MURPHY: Coyle steps up with 'defining moment' hire

MINNEAPOLIS -- P.J. Fleck crushed his introductory news conference Friday with verbal revelry and theatrical flourish as predictable as January permafrost.

The University of Minnesota Athletic Director Mark Coyle answers reporters questions follow a press conference to introduce P.J. Fleck as the new Gophers football coach at the Indoor Club Room at TCF Bank Stadium at the University of Minnesota on Friday, Jan 6, 2017. (Pioneer Press: John Autey)

MINNEAPOLIS - P.J. Fleck crushed his introductory news conference Friday with verbal revelry and theatrical flourish as predictable as January permafrost.

The new Minnesota Gophers football coach thundered away behind a silent microphone at TCF Bank Stadium that was functionally unnecessary. Fleck punctuated his lyrical altruisms by chopping his hands back and forth across the packed room like a union delegate whipping votes.

At the far end of Row 1, Stage Right, athletics director Mark Coyle laughed at Fleck's punch lines and nodded approvingly at the 36-year-old upstart he hired to salvage a football program mired in crisis and an administration under siege.

Coyle confidently emerged from his Bierman Building bunker with ice water in his veins and a news cycle in his teeth after stiff-arming proven SEC winner Les Miles and boldly acquiring the country's hottest coaching prospect in Fleck.

Coyle spent several squeamish weeks swatting at prairie fires with lawyered talking points and widening his credibility gap with players, fans, alumni and regents rankled by L'Affaire Football.


Shortly after firing Tracy Claeys on Tuesday, Coyle was scorned by Claeys sympathizers. Aw-shucks Jerry Kill even vowed never to step foot into TCF Bank Stadium again because his close friend was purged in a cultural housecleaning.

Coyle pivoted quickly from the fallout. He identified his savior and reeled in Fleck with clinical precision that betrayed the AD more as a shark stalking his prey than the clumsy bureaucrat in way over his head.

By Thursday night, a five-year, $18.5 million deal was struck.

Friday morning Fleck flew in a private jet to Minnesota in search of babies to kiss and rope lines to work.

Midafternoon he had made his sales pitch to players in the locker room and meshed his "Row The Boat" mantra from Western Michigan to the aquatic origins of "Ski-U-Mah," Minnesota's cheer and one of the state's most endearing pieces of folklore.

"There's a canoe, which is a boat," Fleck explained. "You got a paddle, which is an oar, and we've got the Northern Star here, which is our compass."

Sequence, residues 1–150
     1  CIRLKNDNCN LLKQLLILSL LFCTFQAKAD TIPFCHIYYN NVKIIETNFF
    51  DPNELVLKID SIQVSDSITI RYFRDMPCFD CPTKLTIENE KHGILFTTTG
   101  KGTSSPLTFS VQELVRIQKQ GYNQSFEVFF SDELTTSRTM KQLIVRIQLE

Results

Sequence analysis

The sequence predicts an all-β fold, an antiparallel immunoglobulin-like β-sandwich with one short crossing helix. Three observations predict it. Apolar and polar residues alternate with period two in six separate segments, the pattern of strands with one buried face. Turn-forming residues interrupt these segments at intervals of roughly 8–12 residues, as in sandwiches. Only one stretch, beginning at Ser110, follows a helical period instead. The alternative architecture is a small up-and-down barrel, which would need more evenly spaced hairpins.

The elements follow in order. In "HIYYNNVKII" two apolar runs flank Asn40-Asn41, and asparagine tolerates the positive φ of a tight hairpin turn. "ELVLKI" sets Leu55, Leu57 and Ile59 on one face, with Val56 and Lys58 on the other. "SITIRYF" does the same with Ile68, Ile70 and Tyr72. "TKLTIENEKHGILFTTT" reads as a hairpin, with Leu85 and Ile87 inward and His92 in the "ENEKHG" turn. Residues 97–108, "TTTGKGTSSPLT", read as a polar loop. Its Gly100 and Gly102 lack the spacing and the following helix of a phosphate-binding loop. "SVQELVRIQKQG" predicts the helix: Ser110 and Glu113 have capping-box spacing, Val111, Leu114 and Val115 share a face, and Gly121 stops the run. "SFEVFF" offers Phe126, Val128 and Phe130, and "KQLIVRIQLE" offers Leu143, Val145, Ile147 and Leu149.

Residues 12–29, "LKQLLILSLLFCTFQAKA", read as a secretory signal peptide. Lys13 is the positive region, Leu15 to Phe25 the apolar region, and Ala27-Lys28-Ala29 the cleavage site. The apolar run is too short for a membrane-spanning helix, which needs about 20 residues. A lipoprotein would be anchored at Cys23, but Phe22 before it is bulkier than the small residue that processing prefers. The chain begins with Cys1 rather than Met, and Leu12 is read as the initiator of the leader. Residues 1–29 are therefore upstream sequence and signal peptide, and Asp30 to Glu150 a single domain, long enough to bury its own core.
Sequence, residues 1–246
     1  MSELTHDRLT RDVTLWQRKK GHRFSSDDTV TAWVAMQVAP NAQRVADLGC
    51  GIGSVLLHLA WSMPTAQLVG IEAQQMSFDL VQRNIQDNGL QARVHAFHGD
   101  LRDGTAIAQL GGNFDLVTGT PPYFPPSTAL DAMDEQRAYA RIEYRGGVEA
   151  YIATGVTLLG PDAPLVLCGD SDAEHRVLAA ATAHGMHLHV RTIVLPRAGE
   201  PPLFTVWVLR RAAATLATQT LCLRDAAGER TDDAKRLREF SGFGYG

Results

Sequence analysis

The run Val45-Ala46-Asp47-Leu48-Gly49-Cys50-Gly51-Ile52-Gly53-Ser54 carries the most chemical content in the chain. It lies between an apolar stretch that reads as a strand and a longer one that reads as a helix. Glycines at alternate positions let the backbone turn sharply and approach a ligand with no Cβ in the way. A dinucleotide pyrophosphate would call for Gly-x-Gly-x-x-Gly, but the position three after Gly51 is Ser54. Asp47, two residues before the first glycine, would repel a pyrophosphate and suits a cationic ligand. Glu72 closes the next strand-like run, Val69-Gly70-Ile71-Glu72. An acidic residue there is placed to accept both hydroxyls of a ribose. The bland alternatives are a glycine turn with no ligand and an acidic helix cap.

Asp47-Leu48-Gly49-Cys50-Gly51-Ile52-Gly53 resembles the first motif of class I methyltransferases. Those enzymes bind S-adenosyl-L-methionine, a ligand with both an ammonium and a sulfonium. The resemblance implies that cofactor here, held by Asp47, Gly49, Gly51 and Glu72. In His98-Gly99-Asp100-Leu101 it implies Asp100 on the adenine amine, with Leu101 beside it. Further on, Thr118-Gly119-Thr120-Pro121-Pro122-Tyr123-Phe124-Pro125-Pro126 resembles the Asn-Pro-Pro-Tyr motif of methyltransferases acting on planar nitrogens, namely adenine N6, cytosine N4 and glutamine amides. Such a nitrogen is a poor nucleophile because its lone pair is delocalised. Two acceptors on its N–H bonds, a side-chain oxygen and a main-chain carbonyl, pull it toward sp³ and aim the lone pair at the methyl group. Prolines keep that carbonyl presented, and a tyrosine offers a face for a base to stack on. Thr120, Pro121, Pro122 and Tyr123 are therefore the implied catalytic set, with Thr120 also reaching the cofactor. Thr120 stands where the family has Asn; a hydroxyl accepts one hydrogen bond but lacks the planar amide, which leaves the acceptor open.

Measure the inseam for your waders, folks.

But at least the U does not have to compensate a search firm or wring its hands over being outflanked by hardball competitors. Five years ago the unheralded Kill eventually bobbed to the surface after Minnesota whiffed on several choices to mop up after Tim Brewster.


Coyle developed an accelerated plan to make his signature hire and had his man within 48 hours.

"The very first thing that stood out to me was his authentic energy and passion; he's a leader," Coyle said of Fleck. "I talked this week about a vision that we wanted to compete at the highest level with great integrity and character academically, athletically and socially. I feel like his teams have done that."

Meanwhile, Miles reportedly flew to Minnesota from Baton Rouge, fur-lined hat in hand, this week to chase a Big Ten job and perhaps one more chance to helm a major program. Miles won the 2007 national championship and a pair of SEC championships with Louisiana State but was fired in September after the Tigers' uninspiring 2-2 start.

Apparently no one invited him to interview in Minneapolis. So Miles practically hitchhiked waving his bona fides from the bayou to big foot Fleck at Coyle's moment of truth.

Minnesota wasn't interested. Let that marinate for a moment.

"I don't talk about specific candidates," Coyle said about Miles' interest. "It's an attractive job, and we did receive a lot of phone calls from different candidates. I'm always amazed when you do these searches the people that reach out and contact you about these opportunities.

"We felt prepared about the search and are excited about the outcome."

Pardon us for wondering whether Coyle had this defining moment in him.


He replaced a sexual deviant in Norwood Teague, whose boozy and boorish behavior cast a lingering pall over Dinkytown. It has been a messy seven months for Coyle as he evolves into the role as athletics front man.

Coyle already has fired two tainted coaches. He inherited J Robinson's ham-fisted attempt to manage a prescription-drug scandal that engulfed the wrestling program and cut bait within months.

Now Coyle has to account for about $3.5 million in payoffs to Claeys and his assistant coaches, another $18.5 million for his marquee replacement and bind the wounds of a football program wandering the wilderness for closure and leadership.

Claeys screams into every microphone that he is patently anti-rape and demonstrably pro-due process, but he still is incapable of distinguishing his players' deplorable behavior from their criminal liability.

This is a football lifer conditioned to follow orders. He foolishly bet that nine wins, a Holiday Bowl upset over Washington State and locker-room solidarity would whitewash blatant insubordination and Claeys' management of players who needed to be led, not enabled.

Coyle mangled his reasoning for the suspensions before the Holiday Bowl when grilled by the naive players, whose unfulfilled demands for clarity sowed mistrust and inflamed passions which spawned their bungled boycott.

But Claeys should have been the adult in the room.

Coyle evidently is.


He should step out more often.

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